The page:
The United States has been responsible for the creation and implementation of most organized prison systems, around the world. We began with a harsh system, and then finally moved into a system based on rehabilitation. In the past 30 years, while most of the world has followed these principles of rehabilitation, the U.S. has moved away from them. A new prison system based on punishment has been developed through sentencing practices. We now have a prison population of over 2 million, and the cost to the taxpayers is enormous, every tax-paying citizen spends over 150 dollars a year on our prison system. If these increases in population and cost stay constant, we will not be able to support this system in the future without drastic reform.


Beck, A., July 1995. Violent Offenders in State Prison: Sentences and Time Served, Bureau of Justice Statistics Selected findings, U.S. Department of justice.

Beckett, K., Sasson, T., 2004. The Politics of Injustice, Crime and Punishment in America, 2nd ed., Sage publications.

Bonczar, T., August 2003. Prevalence of Imprisonment in The U.S. Population, Bureau of Justice Statistics Special Report, U.S. Department of justice.

Christie, Z., 2002. Imprisonment: Sociological Aspects, University of Oslo, Norway, International Encyclopedia of the Social and Behavioral Sciences, Pages 7248 7251.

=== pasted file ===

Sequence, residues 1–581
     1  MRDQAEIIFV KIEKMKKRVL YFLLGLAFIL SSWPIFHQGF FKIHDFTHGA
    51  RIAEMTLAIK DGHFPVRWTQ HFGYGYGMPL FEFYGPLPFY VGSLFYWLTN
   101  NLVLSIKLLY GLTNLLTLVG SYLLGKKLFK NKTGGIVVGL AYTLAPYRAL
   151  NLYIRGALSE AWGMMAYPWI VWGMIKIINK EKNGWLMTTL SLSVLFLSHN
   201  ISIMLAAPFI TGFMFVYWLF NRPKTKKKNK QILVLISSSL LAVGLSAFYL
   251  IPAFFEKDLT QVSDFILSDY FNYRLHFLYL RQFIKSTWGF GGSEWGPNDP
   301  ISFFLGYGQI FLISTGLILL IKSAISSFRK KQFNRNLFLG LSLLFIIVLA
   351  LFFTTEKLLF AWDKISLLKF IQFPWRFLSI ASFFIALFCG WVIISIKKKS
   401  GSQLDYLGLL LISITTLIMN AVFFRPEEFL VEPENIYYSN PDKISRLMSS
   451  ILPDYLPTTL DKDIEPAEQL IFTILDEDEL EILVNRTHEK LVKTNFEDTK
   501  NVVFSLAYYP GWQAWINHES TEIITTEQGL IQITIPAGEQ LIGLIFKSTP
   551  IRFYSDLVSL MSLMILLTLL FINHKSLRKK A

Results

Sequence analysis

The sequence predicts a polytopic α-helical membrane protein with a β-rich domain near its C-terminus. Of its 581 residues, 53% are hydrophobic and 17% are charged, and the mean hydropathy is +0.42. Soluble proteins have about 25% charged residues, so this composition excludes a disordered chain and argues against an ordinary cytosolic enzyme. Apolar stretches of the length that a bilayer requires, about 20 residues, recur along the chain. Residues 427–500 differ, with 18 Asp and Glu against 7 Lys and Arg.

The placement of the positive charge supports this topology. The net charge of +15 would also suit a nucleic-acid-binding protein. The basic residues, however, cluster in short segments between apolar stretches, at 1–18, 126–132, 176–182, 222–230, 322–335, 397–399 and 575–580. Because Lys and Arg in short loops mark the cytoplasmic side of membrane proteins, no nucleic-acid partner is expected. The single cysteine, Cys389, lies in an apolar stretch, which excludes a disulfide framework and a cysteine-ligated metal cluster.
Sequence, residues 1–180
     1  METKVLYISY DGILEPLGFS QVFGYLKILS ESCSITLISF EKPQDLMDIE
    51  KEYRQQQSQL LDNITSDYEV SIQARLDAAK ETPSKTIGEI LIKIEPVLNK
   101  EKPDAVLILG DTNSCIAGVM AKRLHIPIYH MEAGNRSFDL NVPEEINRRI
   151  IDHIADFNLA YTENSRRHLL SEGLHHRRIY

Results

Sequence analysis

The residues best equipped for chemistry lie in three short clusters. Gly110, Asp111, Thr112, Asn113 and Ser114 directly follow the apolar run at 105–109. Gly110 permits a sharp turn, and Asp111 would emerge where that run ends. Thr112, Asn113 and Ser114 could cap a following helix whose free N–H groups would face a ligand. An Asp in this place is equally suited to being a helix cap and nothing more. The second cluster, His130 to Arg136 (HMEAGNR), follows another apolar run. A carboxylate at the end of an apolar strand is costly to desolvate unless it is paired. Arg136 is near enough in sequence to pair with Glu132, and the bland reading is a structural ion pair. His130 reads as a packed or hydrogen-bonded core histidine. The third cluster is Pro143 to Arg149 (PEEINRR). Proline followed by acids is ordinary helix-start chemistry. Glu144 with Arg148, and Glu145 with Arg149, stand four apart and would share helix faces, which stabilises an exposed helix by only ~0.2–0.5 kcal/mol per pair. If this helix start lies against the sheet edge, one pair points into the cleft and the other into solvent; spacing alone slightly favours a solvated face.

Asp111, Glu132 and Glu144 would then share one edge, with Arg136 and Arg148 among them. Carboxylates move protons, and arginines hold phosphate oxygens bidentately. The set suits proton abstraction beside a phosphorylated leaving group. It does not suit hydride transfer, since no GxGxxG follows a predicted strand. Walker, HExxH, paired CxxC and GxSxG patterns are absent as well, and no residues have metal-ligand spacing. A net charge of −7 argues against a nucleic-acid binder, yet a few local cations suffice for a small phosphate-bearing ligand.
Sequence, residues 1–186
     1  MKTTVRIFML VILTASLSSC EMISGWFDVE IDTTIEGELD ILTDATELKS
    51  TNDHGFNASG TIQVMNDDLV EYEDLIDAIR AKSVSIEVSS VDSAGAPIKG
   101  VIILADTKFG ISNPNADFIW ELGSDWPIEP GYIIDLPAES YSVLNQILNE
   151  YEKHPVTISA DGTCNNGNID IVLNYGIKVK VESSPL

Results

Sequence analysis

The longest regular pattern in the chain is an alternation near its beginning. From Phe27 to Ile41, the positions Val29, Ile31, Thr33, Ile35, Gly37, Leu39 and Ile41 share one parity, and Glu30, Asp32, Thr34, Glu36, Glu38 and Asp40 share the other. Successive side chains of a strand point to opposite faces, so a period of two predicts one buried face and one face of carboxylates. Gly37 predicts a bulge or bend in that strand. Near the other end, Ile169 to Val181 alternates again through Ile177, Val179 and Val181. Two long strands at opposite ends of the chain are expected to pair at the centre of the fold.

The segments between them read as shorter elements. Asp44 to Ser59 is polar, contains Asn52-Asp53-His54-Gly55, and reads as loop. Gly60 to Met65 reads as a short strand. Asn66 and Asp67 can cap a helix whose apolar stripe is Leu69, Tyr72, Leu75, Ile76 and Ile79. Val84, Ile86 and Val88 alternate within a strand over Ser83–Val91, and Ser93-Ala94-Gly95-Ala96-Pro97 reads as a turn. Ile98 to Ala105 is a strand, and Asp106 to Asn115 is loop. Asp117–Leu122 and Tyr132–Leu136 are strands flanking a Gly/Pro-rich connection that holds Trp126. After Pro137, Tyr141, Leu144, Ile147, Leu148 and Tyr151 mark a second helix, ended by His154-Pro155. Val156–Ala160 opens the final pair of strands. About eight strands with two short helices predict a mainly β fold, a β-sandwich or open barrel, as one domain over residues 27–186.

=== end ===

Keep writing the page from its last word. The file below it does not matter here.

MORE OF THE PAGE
Ditton, P., January 1999. Truth in Sentencing in State Prisons, Bureau of Justice Statistics Special Report, U.S. Department of justice.

Donziger, S. R., 1996. The Real War on Crime, the report of the National Criminal Justice Commission, New York, Harper Perennial.

Fried, R., 2001. Punishment Comparative Politics of, international encyclopedia of the social and behavioral sciences, Pages 12603-12606.

Grimes, P., Rogers, K., 1999. Truth-in-Sentencing, Law Enforcement, and Inmate Population Growth, College of Business and Industry, Mississippi State University, MS USA, Journal of Socio-Economics issue 28, pages 745-757.

Harrison, P., November 2004. Prisoners 2003, Bureau of Justice Statistics Special Report, U.S. Department of justice.

Renshaw, B., December 1982. Prisoners 1925-1981, Bureau of Justice Statistics Special Report, U.S. Department of justice.

Samaha, j., 2001. Criminal justice, 5th ed. Wadsworth publishing.

Scalia, J., August 2001. Federal Drug Offenders, 1999 with trends 1984-99, Bureau of Justice Statistics Special Report, U.S. Department of justice.

Stephan, J., June 2004. State Prison Expenditures, Bureau of Justice Statistics Special Report, U.S. Department of justice.

Tonry M., 2004. Prisons and Imprisonment, International Encyclopedia of the Social and Behavioral Sciences, Pages 12062-1206.

Walker, S., Spohn, C., Dolone, M., 2004. The Color of Justice, Race Ethnicity, and Crime in America, 3rd ed, Wadsworth Publishing.